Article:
Sometimes dubbed “the forgotten borough,” Staten Island is different from the rest of New York City . Significantly more rural and suburban than the other boroughs, it’s also predominantly white, politically conservative, and populated with working- to middle-class families.
All of which means that Staten Island frequently feels estranged from the rest of the city—and periodically threatens to secede. The last time was in 1993 when the issue was put to a public vote; the referendum was enthusiastically passed, but its implementation remains doubtful.
Fourteen miles long by seven miles wide, Staten Island is a hilly place made up largely of bedrock. A military camp for the British during the Revolutionary War, the borough remained predominantly agricultural until the early 1900s and was still largely undeveloped when the Verrazano-Narrows Bridge opened in 1964. The bridge connected the island to the rest of the city for the first time, bringing with it new industry, residents, and crime. Many Staten Islanders still blame the bridge for many of the island’s current problems, and divide life into “Before the Bridge” and “After the Bridge.”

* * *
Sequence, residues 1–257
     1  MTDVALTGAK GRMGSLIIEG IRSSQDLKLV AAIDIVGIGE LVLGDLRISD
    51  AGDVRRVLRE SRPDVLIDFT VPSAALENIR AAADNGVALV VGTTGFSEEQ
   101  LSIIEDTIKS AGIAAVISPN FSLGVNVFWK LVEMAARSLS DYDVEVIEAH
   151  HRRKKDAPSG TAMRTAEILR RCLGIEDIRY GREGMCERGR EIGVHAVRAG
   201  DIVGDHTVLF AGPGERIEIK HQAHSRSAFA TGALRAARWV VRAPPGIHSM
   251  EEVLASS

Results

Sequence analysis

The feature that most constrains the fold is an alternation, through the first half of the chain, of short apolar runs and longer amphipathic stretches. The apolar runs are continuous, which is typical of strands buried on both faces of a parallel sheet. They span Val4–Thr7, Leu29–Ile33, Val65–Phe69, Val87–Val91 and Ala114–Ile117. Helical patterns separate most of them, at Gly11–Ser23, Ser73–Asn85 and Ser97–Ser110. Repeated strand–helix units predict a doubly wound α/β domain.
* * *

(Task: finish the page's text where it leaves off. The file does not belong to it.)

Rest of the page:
Staten Island has its own minor league baseball team, the Staten Island Yankees (www.siyanks.com , St. George Stadium, 75 Richmond Terr., 718/720-9265, tickets $12 for a single game). Their stadium is located next to the SI ferry terminal and makes for a fun day out when combined with a ferry trip to and from Manhattan.
To reach Staten Island from Manhattan , take the Staten Island ferry  (718/727-2508, www.siferry.com ) from Battery Park  to St. George, where buses fan out to cover the island. For more information and help with travel directions, contact the Staten Island Chamber of Commerce (718/727-1900, www.sichamber.com ).